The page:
Chinese probe and lander take portraits on Mars
The dusty, rocky surface of Mars and the Chinese probe and lander with a small flag can be seen in the photos taken by the Mars rover on Mars released on Friday.
The four photos released by the China National Space Administration also show the upper layer of the “Zhu Rong” probe and the scene in front of the lower platform of the probe.
CNSA said Zhu Rong placed a remote camera about 10 meters (33 feet) from the landing platform and then withdrew to take group photos.
Last month, China landed the Tianwen-1 spacecraft carrying the Mars rover on Mars, after it had operated on the red planet for about three months. China is the second country to land and operate a spacecraft on Mars after the United States.
Both the orbiter and the lander display the small Chinese flag, and the lander has the outline of the mascot of the 2022 Beijing Winter Olympics and Paralympics.
This six-wheeled rover is investigating an area called the Utopia Plain, especially looking for signs of water or ice, which can provide clues to whether life existed on Mars.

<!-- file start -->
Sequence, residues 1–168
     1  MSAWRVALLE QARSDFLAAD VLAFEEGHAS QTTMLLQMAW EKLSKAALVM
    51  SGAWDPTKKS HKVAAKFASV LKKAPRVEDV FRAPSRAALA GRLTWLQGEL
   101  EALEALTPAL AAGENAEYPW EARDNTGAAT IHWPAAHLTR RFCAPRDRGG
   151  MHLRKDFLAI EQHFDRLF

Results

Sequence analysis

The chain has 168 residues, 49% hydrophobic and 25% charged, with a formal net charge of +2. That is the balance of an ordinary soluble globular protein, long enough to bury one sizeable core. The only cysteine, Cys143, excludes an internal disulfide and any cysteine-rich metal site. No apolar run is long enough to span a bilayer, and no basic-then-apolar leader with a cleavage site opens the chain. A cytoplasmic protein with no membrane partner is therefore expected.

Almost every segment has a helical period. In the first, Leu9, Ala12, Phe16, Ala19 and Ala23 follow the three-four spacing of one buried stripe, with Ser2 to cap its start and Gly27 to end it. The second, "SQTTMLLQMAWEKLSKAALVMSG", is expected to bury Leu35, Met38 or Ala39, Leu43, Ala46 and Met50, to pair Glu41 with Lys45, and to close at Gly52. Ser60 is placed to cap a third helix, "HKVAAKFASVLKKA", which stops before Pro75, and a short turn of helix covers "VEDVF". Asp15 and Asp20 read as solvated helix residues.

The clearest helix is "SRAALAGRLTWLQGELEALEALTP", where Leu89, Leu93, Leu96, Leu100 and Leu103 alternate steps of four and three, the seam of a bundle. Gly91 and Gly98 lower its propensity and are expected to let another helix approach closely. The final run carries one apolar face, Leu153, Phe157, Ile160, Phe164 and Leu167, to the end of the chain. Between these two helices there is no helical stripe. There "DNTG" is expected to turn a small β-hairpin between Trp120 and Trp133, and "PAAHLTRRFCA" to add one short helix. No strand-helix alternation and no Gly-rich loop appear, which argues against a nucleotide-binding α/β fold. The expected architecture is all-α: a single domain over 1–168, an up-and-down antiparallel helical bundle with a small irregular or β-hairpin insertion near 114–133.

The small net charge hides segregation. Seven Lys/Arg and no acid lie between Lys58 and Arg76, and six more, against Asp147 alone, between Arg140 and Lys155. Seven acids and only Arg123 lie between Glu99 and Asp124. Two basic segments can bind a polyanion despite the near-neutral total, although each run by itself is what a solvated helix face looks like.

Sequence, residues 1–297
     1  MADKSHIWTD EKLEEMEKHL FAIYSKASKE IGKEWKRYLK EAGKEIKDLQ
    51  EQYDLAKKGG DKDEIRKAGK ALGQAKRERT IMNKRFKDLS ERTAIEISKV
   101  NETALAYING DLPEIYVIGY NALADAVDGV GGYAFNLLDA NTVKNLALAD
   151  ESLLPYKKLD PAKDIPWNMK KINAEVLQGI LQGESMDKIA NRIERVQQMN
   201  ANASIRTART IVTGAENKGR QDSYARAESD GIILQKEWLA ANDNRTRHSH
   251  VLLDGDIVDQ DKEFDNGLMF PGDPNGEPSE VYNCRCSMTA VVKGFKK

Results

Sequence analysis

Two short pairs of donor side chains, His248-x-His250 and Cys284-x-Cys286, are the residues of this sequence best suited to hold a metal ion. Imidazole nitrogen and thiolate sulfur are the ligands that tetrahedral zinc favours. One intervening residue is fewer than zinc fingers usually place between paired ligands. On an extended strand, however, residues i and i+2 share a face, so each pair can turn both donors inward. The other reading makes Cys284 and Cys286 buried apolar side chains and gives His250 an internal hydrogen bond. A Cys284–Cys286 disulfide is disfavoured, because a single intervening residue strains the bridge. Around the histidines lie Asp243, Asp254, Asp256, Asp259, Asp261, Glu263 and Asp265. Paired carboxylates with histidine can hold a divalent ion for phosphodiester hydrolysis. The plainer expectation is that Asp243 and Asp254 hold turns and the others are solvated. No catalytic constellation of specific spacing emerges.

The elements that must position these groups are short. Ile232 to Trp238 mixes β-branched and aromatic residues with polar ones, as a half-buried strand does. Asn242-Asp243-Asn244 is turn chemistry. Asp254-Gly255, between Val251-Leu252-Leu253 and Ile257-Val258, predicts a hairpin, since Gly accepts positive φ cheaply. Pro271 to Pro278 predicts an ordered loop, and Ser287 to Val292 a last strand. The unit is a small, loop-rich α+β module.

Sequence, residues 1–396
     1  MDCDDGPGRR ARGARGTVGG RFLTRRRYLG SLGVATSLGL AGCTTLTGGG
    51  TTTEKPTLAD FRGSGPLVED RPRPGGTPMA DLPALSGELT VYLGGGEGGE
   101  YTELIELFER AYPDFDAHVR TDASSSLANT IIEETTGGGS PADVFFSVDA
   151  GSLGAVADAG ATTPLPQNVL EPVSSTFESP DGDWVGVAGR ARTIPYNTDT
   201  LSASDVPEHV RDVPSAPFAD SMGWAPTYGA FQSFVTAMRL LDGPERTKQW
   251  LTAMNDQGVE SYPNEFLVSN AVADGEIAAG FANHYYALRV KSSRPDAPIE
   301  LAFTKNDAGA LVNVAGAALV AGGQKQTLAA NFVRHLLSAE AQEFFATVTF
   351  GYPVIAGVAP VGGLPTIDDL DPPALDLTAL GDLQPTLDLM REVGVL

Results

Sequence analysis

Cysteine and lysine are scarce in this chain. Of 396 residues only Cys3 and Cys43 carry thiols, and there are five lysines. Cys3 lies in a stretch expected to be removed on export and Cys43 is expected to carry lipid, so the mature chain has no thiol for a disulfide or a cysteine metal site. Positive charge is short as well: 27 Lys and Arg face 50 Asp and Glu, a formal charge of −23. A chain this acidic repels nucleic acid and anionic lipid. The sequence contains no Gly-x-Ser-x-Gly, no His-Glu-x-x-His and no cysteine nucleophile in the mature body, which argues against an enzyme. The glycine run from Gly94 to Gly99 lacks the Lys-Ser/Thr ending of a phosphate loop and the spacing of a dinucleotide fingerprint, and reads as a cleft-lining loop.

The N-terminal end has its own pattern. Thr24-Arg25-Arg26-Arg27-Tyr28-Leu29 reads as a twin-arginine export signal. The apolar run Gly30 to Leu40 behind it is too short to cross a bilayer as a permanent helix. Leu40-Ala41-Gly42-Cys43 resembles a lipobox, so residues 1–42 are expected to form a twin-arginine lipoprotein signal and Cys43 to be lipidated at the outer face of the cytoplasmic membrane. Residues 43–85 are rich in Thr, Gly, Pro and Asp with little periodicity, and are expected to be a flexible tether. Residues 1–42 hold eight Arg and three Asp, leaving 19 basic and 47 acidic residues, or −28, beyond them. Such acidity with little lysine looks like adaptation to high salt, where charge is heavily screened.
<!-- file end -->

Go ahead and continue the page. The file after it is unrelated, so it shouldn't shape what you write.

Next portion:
Zhu Rong is 1.85 meters (6 feet) tall and much smaller than the American Perseverance Rover, which is exploring the earth with a small helicopter. NASA expects that its rover will collect its first samples in July and return to Earth as early as 2031.
In addition to missions to Mars, China’s ambitious space program plans to send the first astronauts to the new space station next week. The three crew members plan to stay at Tianhe Station or Tianhe Station for three months, much longer than any previous mission in China.
They will conduct space walks, construction and maintenance work, and conduct scientific experiments.
Subsequent launch plans to expand the space station, send supplies and exchange staff. China also brought back lunar samples, which are the first samples in any national space program since the 1970s, and landed probes and rover on the far end of the moon where there is less exploration.
Watch | The Chinese Mars Rover sends out the first image from the surface of the red planet: